This is emo core at its finest. Denison Marrs take the space rock of Humb, combine it with the raw emotion of Dear Ephesus, and melt it all together into a puddle of emotional bliss. If you’re like me, and you love the emotion and power of the emo sound, but hate the fact that the vocalists can never sing, your days of whining are over. Denison Marrs has arrived to finally master the full spectrum of emotion and talent. This CD has 12 songs that will put you in a state of euphoria with its huge overwhelming wall of beautiful yet chaotic tones enveloping everything in its path. There isn’t one song that seems better than the rest; all of them melt together into one continuing journey of melodic brilliance. That is not to say that any one of these songs couldn’t stand on their own; it is only to say that all the songs are so good that you won’t ever want to hit the skip button. This isn’t a "skip to your favorite song and then take it out" release. This is one you want to take in as a whole; it’s just that good. Lyrically, the same approach is taken as the music. Very poetic yet worshipful lyrics pour over the listening ears like soothing oil. Most of the songs are cries for help to the Lord or just pure adoration for Him. If this is a sign of what Six by Six will be putting out, then we definitely need to keep our eye on this new label; we’ll have a lot to look forward to. If you have been waiting for that perfect emo album that seemed would never come, do yourself a favor and buy this CD. (DMP)

WOOKY, Pseudo, 6x6
Hmmm, metal ska...no thanks. Those were my thoughts as I approached the venue where Stavesacre was scheduled to play and Wooky was on stage as the first of what seemed like a million openers. I had seen their advertisements a few places and had already decided that whatever "metal ska" was, it wasn’t for me. So, I did what any open minded, well rounded music critic would do: I stood outside and talked to my friends. Shame on me. Judging by this CD, I missed out on quite a treat. Hailing from the home of Royal Mounties and William Shatner, Wooky deliver a brilliantly unique style of ska-core that would have even the toughest of rudeboys skanking their guts out. Chewbacca would be proud. As far as the metal label, in a way it has merit, but I think 6x6 should have thought twice about marketing them under that. You see, quite often we new schoolers have a tendency to see the word metal and run screaming out of ignorance of the wonderful rocking goodness that a metal influence can be. If I were them, I would have just advertised this album as ska-core, and once the catchy ska hooks had taken hold, I might mention a slight metal inclination. So, all labels aside, I think this is the best band that Canada has brewed up since Our Lady Peace; and the best Christian ska band since Five Iron Frenzy. While we’re on the subject of Five Iron, I think that would make the ultimate tour; Wooky and Five Iron Frenzy. Brilliant. While I’m sitting here patting myself on the back, you should be rushing out to buy this album. (DMP)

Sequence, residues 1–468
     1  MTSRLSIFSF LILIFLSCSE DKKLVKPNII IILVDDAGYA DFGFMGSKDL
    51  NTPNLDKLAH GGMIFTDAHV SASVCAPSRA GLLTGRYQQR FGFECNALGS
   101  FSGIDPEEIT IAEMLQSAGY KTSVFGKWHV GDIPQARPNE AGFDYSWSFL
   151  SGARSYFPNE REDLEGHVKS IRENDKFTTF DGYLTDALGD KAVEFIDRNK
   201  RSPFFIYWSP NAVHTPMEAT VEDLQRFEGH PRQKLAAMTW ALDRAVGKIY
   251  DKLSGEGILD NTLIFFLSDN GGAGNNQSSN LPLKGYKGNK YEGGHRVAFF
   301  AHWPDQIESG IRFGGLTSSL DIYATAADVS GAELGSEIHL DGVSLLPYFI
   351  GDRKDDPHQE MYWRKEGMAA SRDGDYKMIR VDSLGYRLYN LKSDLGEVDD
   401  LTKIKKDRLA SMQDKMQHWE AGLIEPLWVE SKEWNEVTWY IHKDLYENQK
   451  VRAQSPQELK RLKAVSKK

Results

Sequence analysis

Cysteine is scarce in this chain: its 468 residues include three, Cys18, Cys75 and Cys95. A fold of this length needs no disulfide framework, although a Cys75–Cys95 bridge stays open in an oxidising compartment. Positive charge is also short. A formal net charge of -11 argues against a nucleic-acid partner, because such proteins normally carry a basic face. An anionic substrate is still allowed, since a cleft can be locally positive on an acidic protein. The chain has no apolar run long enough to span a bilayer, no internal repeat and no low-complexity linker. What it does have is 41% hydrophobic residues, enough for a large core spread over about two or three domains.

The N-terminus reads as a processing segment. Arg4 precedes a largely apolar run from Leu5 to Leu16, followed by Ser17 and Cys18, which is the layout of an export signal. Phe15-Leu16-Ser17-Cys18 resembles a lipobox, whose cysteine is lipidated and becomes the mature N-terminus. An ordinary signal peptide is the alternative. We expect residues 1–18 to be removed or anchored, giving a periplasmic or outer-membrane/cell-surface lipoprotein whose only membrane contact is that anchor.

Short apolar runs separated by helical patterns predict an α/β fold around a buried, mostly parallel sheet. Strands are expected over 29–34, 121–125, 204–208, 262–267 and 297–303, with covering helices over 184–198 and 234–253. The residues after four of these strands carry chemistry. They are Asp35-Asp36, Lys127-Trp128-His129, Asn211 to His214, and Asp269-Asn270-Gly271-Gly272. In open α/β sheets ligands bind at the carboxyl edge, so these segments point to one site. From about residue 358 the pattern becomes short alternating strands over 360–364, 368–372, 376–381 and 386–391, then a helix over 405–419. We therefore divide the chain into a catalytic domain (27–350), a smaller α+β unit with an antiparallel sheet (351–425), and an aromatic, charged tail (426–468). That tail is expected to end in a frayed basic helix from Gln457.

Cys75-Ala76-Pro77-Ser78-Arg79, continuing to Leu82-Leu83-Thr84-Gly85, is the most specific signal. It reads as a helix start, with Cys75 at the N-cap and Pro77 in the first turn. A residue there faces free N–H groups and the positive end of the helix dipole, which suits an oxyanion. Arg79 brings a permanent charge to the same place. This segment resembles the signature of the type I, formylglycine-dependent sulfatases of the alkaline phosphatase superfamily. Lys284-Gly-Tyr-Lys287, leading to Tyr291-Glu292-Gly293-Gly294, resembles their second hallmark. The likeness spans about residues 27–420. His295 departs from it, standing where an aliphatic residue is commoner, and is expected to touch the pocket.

HANGNAIL, BEC
While their name may suggest nerve-wracking anguish and irritation, Hangnail deliver quite the opposite with their soothing blend of quality pop pleasure for your well tuned listening ears. As is becoming the trend for the Brandon Ebel / Tooth & Nail empire, this album is melodic punk rock through and through. Luckily, for all of us who are growing weary of the recent excess of this genre, Hangnail pull out of the tide of common three-chord punk and establish a signature sound that truly stands out among the throngs of MxPx clones. These guys’ CD towers must be packed with metal classics. There are times where, if you added some fog, lights, a little bit of hair spray and some operatic vocals, you’d have Cinderella all over again. Don’t let that stop you from giving this disc a chance, though. While they definitely dabble in some old school metal sounds, Hangnail don’t in anyway back away from their punk rock roots. There’s no cheese here. The only way these guys may wander off from the path of nonconformity is that they show an unusual amount of technical proficiency in their music. These young punksters have a lot of creative elements that the average band in this genre would only dream of having. Lots of monster riffs, tight harmonies and larger than life sing-along choruses saturate this CD from start to finish. From that description, you’d think it was metal, wouldn’t you? Complimenting the pop melodies are the uplifting lyrics. Sometimes serious, sometimes tongue in cheek, these lyrics display a great sense of humor, but more importantly a devotion to Christ that could touch the most jaded of hearts. Imagine if the vocalist for Craig’s Brother (a little less nasal), got together with Slick Shoes’ Jackson and decided to put out a catchy pop punk album with Jackson’s shredding leads and riffs to complement the melody. Hangnail would be the result. I give two thumbs up to this latest wave to crash ashore in the ever-growing tide of melodic punk rock. (DMP)